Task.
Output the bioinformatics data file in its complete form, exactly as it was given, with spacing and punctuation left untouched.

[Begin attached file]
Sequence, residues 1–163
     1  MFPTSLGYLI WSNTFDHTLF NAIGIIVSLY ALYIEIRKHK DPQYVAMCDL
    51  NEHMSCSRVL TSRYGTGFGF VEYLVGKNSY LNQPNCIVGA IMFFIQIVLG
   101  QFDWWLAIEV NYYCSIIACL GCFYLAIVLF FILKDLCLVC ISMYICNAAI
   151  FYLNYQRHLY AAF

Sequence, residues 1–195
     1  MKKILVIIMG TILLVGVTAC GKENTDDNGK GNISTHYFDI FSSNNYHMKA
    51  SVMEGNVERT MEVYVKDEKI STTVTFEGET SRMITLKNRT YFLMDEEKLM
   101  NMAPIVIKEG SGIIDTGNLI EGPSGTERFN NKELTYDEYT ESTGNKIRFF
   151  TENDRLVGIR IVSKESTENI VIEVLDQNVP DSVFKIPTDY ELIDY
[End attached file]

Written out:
Sequence, residues 1–163
     1  MFPTSLGYLI WSNTFDHTLF NAIGIIVSLY ALYIEIRKHK DPQYVAMCDL
    51  NEHMSCSRVL TSRYGTGFGF VEYLVGKNSY LNQPNCIVGA IMFFIQIVLG
   101  QFDWWLAIEV NYYCSIIACL GCFYLAIVLF FILKDLCLVC ISMYICNAAI
   151  FYLNYQRHLY AAF

Sequence, residues 1–195
     1  MKKILVIIMG TILLVGVTAC GKENTDDNGK GNISTHYFDI FSSNNYHMKA
    51  SVMEGNVERT MEVYVKDEKI STTVTFEGET SRMITLKNRT YFLMDEEKLM
   101  NMAPIVIKEG SGIIDTGNLI EGPSGTERFN NKELTYDEYT ESTGNKIRFF
   151  TENDRLVGIR IVSKESTENI VIEVLDQNVP DSVFKIPTDY ELIDY